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HMS Rodney

Nelson Class BB

Rodney, mid 1942
Rodney, mid 1942
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Rodney commissioned for the 2nd Battle Squadron in December 1927, but it was to be another three months before she actually joined the fleet because of extended trials. At this time the fleet was still known as the Atlantic Fleet. In June 1930 she carried a parliamentary delegation to Iceland for the 1,000th anniversary of the Althing, the Icelandic Parliament. Rodney remained with the Atlantic and Home Fleets until the outbreak of war, assuming the role of Flagship when Nelson was unavailable. She was under refit at Portsmouth September-November 1938. In November 1939 she participated in the hunt for Scharnhorst and Gneisenau after their sinking of the AMC Rawalpindi, but developed defects and was under repair until the end of the year. Rodney relieved Warspite as Fleet Flagship and then took part in the Norwegian campaign from April to June 1940, being hit by a bomb which caused casualties but little material damage. In September she was ordered to Rosyth as an anti-invasion measure and, after the sinking of Jervis Bay in November, was sent to the Iceland-Faeroes gap as a precautionary measure. In 1941, when the two German battlecruisers were again attempting to break out into the Atlantic, Rodney was deployed in the hunt for them from the end of January, south of Iceland. Later she was deployed to cover Halifax and Freetown convoys while the German squadron was at sea and on 16 March while with convoy HX114 briefly sighted the German ships but was unable to get into action. Her presence, however, saved the convoy from trouble. At the time of the sortie by Bismarck and Prinz Eugen in May 1941, Rodney accompanied by destroyers was escorting the troopship Britannic outward bound from the UK. But a couple of hours after the loss of Hood, she was ordered to join the hunt for Bismarck and on the evening of 26 May joined the Flagship, King George V, south-west of Ireland. Action was joined with the crippled German Flagship in the forenoon of the 27th and by the time that the two British ships ceased fire, Rodney had fired 375 rounds of 16in, more than a third of her outfit, claiming at least forty hits. At one point she fired full nine-gun broadsides for ten minutes. She also fired her 24in torpedoes and a vast quantity of 6in ammunition. She was not hit herself, but the blast effects from her guns caused considerable damage. After this she was ordered to the USA for repair and refit at Boston Navy Yard which was completed in August. After the usual work-up, Rodney joined Force H at Gibraltar for Operation 'Halberd', forming part of the close cover, 24-30 September 1941. She took over the role of Flagship following the torpedoing of her sister and remained with Force H until relieved by Malaya in November, participating in the meantime in an operation to fly FAA torpedo-bombers to Malta from Ark Royal 14-19 October.

Rodney rejoined the Home Fleet and was based at Hvalfiord, Iceland from November 1941 to February 1942 to cover the entrances to the Atlantic against German raiders. In February she began a refit at Liverpool, returning to service in May, after which she was ordered to the Eastern Fleet, sailing on 31 May from the Clyde. She had just reached Freetown when she was recalled to cover a Malta convoy and then returned to Scapa, where she arrived on 26 July. Early in August she sailed once more and formed part of the cover for Operation 'Pedestal' 10-15 August. She returned to the Home Fleet until October 1942, when she was transferred to Force H for the landings in North Africa in November, during which she bombarded shore batteries and coastal forts. In May Rodney returned to Scapa to work-up for the Sicilian campaign, returned to Force H in June and sailed from Scapa on 17 of that month to cover the landings in Sicily. At the end of August she bombarded targets in Calabria in preparation for the landings (Operation 'Baytown'). In September she supported the landings at Salerno (Operation 'Avalanche') as Flagship. Force H.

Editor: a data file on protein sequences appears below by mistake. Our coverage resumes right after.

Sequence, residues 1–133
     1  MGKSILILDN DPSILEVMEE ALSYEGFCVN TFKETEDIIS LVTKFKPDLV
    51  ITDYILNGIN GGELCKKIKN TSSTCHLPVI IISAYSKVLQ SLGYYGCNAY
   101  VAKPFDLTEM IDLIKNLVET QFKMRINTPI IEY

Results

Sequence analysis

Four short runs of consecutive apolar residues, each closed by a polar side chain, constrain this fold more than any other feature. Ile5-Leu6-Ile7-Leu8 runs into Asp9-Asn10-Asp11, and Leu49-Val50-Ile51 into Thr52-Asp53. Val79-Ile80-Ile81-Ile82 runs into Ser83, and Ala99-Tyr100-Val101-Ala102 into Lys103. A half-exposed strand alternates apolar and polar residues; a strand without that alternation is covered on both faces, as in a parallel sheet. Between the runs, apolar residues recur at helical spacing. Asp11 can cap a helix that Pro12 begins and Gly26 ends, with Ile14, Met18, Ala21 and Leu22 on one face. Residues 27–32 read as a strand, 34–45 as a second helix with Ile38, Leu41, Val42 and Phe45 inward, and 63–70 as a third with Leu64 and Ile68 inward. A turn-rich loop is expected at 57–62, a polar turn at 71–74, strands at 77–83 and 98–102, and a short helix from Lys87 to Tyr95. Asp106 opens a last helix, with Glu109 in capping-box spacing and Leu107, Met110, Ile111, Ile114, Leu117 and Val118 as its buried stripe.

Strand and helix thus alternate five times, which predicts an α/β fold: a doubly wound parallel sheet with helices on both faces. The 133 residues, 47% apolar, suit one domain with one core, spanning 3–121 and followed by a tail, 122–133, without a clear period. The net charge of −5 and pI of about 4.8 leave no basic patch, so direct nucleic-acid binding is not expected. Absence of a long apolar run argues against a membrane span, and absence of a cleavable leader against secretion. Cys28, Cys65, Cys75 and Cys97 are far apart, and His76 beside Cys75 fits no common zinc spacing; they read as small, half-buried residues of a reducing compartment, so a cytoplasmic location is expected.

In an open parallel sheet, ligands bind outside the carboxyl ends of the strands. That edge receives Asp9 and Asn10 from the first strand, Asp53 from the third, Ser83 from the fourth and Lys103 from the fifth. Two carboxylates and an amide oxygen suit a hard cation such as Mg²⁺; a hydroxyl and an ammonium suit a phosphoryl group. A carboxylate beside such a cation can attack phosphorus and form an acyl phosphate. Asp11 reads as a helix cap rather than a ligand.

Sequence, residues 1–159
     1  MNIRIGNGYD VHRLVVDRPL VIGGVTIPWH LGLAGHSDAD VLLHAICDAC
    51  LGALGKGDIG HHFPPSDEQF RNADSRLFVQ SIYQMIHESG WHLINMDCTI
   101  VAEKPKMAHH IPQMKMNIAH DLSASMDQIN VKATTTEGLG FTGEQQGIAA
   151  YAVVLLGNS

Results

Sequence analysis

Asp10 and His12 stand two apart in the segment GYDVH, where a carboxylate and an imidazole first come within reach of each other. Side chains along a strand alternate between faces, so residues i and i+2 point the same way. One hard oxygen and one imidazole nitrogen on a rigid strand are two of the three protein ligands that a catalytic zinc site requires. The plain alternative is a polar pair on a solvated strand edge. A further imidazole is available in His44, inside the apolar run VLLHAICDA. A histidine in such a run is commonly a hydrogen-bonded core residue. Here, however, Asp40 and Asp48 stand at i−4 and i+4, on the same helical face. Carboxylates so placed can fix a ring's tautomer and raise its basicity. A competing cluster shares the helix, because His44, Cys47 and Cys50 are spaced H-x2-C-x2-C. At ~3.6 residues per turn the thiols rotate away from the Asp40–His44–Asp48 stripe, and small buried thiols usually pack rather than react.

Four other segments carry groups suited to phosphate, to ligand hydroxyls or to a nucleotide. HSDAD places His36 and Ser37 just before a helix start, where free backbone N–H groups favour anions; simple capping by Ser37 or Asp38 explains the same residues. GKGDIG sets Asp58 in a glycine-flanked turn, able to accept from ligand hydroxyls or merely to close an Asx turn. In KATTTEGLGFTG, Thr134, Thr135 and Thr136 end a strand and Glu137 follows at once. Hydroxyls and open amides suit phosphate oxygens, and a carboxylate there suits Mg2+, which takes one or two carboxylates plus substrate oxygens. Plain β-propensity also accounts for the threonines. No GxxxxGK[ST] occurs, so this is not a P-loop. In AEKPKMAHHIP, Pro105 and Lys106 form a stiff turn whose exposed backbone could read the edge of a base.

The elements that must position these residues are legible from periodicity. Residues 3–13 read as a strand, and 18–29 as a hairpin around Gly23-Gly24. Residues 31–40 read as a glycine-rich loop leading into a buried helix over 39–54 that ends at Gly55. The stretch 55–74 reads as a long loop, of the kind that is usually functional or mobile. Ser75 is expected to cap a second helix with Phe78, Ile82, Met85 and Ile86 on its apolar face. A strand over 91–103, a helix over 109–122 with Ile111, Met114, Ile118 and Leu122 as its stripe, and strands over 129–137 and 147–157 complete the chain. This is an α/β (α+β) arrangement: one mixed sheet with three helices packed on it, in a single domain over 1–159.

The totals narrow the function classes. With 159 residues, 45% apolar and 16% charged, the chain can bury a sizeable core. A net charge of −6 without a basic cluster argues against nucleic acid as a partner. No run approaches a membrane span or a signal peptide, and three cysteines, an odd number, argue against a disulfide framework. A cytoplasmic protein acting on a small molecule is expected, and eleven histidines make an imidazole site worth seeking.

In October 1943 Rodney left the Mediterranean to rejoin the Home Fleet, where she remained for the rest of the war. In June and July 1944, in support of the Normandy landings (Operation 'Overlord'), she was in action many times against shore batteries, troop and vehicle concentrations, and in August her heavy guns dealt with shore batteries on Alderney. She returned to the Home Fleet and for the remainder of the year provided distant cover for Arctic convoys, having been relieved as Fleet Flagship by Duke of York in September. By 1944 she was in fact practically worn out, having been in need of a refit at the start of the war and thereafter seeing hard service. She had been plagued with hull and machinery defects during war service but plans made to give her a major overhaul in 1943 were deferred and a modernisation scheme drawn up in 1944 was never carried out. So from November 1944 she was virtually a static Flagship at Scapa. In November 1945 she reduced to reserve at Rosyth until transferred to the Disposal list in 1948. In March 1948 she was handed over to BISCO for scrapping and allocated to T. W. Ward Ltd. for breaking up. She arrived at Inverkeithing on 26 March.

Rodney, Devonport July 1936
Rodney, Devonport July 1936
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Rodney prewar
Rodney prewar
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Rodney - probably Dday bombardment
Rodney - probably Dday bombardment
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Rodney firing at shore targets off Caen
Rodney firing at shore targets off Caen
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